Section 2 of the Restatement defines “insurance policy interpretation,” and provides that a court’s construction of policy language involves the resolution of a question of law.  Restatement, Ch. 2, Sec. 2(2).  This is the general rule under California law as well, although a number of courts have added the slight qualifier “Absent a factual dispute as to the meaning of policy language . . . “ E.g., Jordan v. Allstate Ins. Co. (2004) 116 Cal. App. 4th 1206, 1212.  The importance of this rule, of course, is that the interpretation of an insurance term or clause will receive de novo review by each appellate court.  In Section 2(3), the Restatement provides that the ordinary rules of contract construction are equally applicable to construing insurance policies “Except as this Restatement or applicable law otherwise provides.”  California law has repeatedly recognized that although “insurance contracts have special features,” ordinary contract construction rules apply.  E.g., State of Calif. v. Continental Ins. Co. (2012) 55 Cal. 4th 186, 194.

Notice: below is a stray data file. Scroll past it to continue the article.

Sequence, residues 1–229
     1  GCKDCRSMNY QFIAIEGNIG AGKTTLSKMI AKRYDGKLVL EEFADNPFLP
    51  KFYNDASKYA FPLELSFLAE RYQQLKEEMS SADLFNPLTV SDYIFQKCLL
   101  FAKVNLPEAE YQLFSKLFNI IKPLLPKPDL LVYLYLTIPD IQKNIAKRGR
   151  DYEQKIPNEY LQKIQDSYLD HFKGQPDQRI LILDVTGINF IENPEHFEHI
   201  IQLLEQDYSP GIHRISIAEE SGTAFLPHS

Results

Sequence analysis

Section 3 of the Restatement is the earliest clause in the treatise which caused considerable controversy among the members of ALI and outside observers.  As written in the Proposed Final Draft No. 2 (Sept. 7, 2018), subsection 1 provides that where a term has a plain meaning “when applied to the facts of the claim at issue,” that plain meaning applies.  According to subsection 2, “plain meaning” is “the single meaning to which the language of the term is reasonably susceptible when applied to facts of the claim at issue in the context of the entire insurance policy.”